Here we see in miniature the striking contrast between the Celtic and the Roman type of Christianity. Irish Christianity was ascetic and monastic. The Irish knew nothing of orderly diocesan bishops; the seat of authority in Ireland was the scholarly and disciplined monastery, ruled by its abbot. Bishops were under the abbot, though in ecclesiastical rank above him. The important thing was not the rank they occupied but the work they did.

It was from this Celtic monastery in lona that the leaders of the Northern Church in England were to come. It was by the Celtic missionaries from lona who settled at Lindisfarne, off Northumberland, that the greater part of England was won for Christ. A long line of devoted missionaries gave themselves to the conversion of England, and the next hundred years proved to be the finest century in the long history of the Church of England.

Invasions, and a mission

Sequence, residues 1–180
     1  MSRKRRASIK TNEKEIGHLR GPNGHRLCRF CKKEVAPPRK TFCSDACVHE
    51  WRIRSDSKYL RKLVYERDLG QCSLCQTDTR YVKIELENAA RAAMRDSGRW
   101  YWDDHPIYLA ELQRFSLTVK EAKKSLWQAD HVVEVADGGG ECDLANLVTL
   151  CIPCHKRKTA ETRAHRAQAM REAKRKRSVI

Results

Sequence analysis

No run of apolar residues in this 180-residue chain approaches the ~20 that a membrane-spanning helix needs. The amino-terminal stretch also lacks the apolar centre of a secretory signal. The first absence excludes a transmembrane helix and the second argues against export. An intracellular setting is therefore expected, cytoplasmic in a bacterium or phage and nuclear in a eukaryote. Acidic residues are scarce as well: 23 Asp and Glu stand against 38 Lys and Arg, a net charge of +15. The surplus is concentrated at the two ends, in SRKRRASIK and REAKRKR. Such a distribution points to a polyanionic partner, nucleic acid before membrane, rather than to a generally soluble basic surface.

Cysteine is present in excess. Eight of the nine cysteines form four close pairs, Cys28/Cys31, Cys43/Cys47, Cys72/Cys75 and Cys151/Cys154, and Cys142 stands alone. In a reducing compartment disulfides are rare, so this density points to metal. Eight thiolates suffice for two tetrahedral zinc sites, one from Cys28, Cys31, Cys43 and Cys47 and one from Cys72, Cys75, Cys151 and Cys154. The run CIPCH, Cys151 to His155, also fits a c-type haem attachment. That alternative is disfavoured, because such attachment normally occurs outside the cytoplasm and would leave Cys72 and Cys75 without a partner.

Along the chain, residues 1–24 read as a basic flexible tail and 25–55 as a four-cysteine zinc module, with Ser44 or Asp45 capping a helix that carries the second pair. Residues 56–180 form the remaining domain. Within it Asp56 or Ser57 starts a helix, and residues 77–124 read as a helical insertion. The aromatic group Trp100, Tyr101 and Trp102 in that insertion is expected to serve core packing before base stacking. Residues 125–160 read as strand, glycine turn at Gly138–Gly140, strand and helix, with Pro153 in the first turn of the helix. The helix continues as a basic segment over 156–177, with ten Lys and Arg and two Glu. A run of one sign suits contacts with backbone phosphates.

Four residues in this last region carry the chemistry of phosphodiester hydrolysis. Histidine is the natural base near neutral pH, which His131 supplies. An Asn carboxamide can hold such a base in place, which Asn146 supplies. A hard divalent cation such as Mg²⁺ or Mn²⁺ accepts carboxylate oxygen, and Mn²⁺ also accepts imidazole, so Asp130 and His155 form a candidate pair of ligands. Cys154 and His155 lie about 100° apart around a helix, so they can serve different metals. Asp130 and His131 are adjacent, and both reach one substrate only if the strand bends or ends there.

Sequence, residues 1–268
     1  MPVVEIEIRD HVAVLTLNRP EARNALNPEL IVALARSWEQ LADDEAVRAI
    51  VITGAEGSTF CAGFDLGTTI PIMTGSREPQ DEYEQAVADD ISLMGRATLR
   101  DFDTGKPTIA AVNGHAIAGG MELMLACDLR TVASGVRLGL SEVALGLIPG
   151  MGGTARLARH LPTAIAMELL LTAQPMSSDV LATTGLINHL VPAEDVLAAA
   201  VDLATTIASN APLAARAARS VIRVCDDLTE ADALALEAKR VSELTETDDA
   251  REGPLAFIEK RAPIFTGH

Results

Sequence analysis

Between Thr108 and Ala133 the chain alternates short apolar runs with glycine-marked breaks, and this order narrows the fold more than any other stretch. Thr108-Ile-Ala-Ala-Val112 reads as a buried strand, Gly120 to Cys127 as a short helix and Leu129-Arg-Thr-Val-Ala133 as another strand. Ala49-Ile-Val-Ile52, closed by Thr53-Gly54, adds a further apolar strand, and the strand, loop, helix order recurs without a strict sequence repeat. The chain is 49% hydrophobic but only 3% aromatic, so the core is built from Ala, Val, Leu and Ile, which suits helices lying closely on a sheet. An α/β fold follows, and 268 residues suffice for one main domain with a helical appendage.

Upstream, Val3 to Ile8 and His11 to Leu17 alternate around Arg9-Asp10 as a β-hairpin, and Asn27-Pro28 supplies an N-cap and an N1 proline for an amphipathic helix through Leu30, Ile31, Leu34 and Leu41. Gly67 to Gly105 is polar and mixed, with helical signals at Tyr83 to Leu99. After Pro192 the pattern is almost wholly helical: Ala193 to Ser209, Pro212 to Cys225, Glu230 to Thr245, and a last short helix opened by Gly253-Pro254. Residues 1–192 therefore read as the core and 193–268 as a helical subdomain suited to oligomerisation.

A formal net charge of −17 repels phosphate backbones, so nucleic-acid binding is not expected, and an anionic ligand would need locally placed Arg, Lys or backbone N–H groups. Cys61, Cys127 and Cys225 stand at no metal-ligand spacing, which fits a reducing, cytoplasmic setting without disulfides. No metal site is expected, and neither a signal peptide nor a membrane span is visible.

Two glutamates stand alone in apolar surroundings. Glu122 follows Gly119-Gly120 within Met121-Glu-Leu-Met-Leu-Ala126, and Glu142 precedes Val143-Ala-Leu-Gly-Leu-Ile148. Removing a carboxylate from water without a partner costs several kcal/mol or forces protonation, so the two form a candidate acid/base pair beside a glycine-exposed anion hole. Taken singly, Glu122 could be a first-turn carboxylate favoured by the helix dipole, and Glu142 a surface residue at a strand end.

Before we examine that movement, we shall have to take note of the Anglo-Saxon invasions of Britain, beginning 449, but lasting for many centuries if we include the later invasions of the Vikings. These German tribes had hardly ever come in touch with Roman culture and civilization, nor even with Christianity. These Teutonic hordes came as invaders and carried on a war of extermination. The few remaining Celts were swept back into the mountain fastnesses. The Celts hated them and would have no dealings with them: they even refused them Christianity. The Anglo-Saxons continued their heathenism. It was a kind of nature-worship, with worship of the sun and moon. They believed in pixies, fairies and water-sprites, as well as in occult magic. It was later and indirectly, through its earlier saints, Patrick and Columba. that the great flood of missionaries from lona and Lindisfarne was to reclaim this lost ground and win over the larger part of England to faith in Christ.